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Super Uber Panel (L to R): Dawson Rutter, president and founder, Commonwealth Worldwide; Robert Werth, president, Diamond Transportation and president of the Taxicab, Limousine & Paratransit Association (TLPA); Alfred LaGasse, CEO of the TLPA: and David Lathbury, panel moderator (Black Tie Limousine) all discuss the effects of transportation networking companies at NELA’s Seminar and Trade Show on April 22.
It’s been a busy spring for associations throughout the country, especially following a brutal winter for operators and business. In fact, the most recent quarterly economic performance report (Jan-Mar.) from the Commerce Department was underwhelming, due in good part to the record-setting cold, snow and ice that plagued most of the nation, disrupting travel and normal business and consumer activity.
But spring has seen renewed economic growth and associations have followed suit. Meetings and events are back on track, as well as members lobbying to fight unfair rogue app competition, and burdensome rules and regulations. From New England, Florida, Minnesota and Virginia, here’s a roundup of some of the association efforts that are making a difference in the industry.
Let’s start in New England, because, well, even during a normal winter it’s cold, snowy and dismally gray. But on April 22 the sun was shining in Worcester, Mass., when the New England Livery Association (NELA) held its annual Seminar and Trade Show. While the event featured educational seminars and exhibits, the highlight was a closing panel discussion on rogue mobile apps. Evidently, Uber got wind of the panel discussion and two young Uber employees paid admission to the open event just to listen in on the panel discussion and report back to upper Uber management on their recon mission.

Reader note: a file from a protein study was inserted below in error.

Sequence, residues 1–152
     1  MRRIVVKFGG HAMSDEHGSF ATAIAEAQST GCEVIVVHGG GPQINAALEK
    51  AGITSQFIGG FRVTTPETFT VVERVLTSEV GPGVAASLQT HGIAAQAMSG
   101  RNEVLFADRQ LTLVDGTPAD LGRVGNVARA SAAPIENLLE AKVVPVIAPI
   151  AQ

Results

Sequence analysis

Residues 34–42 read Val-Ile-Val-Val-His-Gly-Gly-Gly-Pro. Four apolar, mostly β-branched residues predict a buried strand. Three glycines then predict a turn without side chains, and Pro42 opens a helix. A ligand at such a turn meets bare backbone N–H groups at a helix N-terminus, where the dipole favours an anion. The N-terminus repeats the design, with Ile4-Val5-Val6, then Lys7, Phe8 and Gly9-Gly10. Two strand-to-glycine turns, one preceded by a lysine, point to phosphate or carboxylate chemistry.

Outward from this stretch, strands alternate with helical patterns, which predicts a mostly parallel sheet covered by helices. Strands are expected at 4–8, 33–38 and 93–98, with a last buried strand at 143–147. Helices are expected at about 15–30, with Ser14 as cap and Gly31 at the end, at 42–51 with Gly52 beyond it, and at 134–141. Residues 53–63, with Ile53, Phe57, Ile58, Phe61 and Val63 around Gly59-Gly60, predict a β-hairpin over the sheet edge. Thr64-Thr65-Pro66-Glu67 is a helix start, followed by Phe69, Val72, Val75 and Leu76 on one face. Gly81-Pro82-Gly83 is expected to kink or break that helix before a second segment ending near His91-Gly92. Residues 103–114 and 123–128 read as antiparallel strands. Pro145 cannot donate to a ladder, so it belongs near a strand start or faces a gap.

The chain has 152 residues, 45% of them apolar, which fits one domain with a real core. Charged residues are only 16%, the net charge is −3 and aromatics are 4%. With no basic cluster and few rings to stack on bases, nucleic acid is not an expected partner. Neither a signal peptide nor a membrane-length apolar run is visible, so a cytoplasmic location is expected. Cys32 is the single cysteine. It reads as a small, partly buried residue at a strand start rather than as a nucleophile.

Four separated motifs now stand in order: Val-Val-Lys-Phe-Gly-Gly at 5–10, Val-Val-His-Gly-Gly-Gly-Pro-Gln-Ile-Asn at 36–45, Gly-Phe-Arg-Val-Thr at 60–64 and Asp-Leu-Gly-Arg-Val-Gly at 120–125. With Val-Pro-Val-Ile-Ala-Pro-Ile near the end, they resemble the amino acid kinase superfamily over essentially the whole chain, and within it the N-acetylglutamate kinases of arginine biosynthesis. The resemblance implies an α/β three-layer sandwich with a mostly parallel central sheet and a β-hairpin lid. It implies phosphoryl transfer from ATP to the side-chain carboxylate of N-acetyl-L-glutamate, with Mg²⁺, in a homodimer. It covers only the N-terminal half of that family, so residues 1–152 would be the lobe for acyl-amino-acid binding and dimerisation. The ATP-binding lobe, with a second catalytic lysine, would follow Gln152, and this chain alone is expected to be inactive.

Well, the Uberites certainly got an earful from panelists Dawson Rutter, president and founder of Commonwealth Worldwide Chauffeured Transportation in Boston; Robert Werth, president of Diamond Transportation and president of the Taxicab, Limousine & Paratransit Association (TLPA); and Alfred LaGasse, CEO of the TLPA. For a detailed report of the panel discussion, check out my East Coast View blog post at http://www.lctmag.com/blog/eastview/list.
Speaking of the bitter arctic weather, the coldest winter in 35 years didn’t deter the Minnesota Chauffeured Transportation Association (MCTA) from an all-out effort to update the state’s outdated limousine regulations.
The MCTA scored a victory in April — after a 10-year fight — when Gov. Mark Dayton signed the “limo bill” into law. The new regulations broaden the definition of a limousine — now any luxury transportation licensed vehicle that has a 15-passenger capacity, and is properly registered with LM (limousine) plates. In addition, the bill increases the per person liability insurance requirement from $300,000 to $1.5 million per person.